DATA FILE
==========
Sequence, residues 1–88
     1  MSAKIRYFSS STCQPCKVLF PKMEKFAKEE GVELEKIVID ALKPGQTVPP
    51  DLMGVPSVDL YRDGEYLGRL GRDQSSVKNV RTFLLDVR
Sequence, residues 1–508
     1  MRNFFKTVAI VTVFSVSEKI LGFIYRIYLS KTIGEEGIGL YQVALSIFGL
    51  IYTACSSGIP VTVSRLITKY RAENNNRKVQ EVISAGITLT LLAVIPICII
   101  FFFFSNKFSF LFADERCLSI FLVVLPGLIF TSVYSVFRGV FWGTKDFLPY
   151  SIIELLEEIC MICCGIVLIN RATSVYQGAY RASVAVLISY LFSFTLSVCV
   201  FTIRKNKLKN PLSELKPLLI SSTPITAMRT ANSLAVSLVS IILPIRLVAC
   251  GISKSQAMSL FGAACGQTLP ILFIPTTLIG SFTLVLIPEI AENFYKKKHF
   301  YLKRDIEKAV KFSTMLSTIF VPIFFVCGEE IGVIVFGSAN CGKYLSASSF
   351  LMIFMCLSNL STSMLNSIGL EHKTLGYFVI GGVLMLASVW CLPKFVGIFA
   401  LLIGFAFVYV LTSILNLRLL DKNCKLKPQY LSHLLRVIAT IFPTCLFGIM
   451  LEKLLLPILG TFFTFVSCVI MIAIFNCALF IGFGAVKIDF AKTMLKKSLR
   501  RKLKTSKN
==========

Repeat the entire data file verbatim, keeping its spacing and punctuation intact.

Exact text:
Sequence, residues 1–88
     1  MSAKIRYFSS STCQPCKVLF PKMEKFAKEE GVELEKIVID ALKPGQTVPP
    51  DLMGVPSVDL YRDGEYLGRL GRDQSSVKNV RTFLLDVR
Sequence, residues 1–508
     1  MRNFFKTVAI VTVFSVSEKI LGFIYRIYLS KTIGEEGIGL YQVALSIFGL
    51  IYTACSSGIP VTVSRLITKY RAENNNRKVQ EVISAGITLT LLAVIPICII
   101  FFFFSNKFSF LFADERCLSI FLVVLPGLIF TSVYSVFRGV FWGTKDFLPY
   151  SIIELLEEIC MICCGIVLIN RATSVYQGAY RASVAVLISY LFSFTLSVCV
   201  FTIRKNKLKN PLSELKPLLI SSTPITAMRT ANSLAVSLVS IILPIRLVAC
   251  GISKSQAMSL FGAACGQTLP ILFIPTTLIG SFTLVLIPEI AENFYKKKHF
   301  YLKRDIEKAV KFSTMLSTIF VPIFFVCGEE IGVIVFGSAN CGKYLSASSF
   351  LMIFMCLSNL STSMLNSIGL EHKTLGYFVI GGVLMLASVW CLPKFVGIFA
   401  LLIGFAFVYV LTSILNLRLL DKNCKLKPQY LSHLLRVIAT IFPTCLFGIM
   451  LEKLLLPILG TFFTFVSCVI MIAIFNCALF IGFGAVKIDF AKTMLKKSLR
   501  RKLKTSKN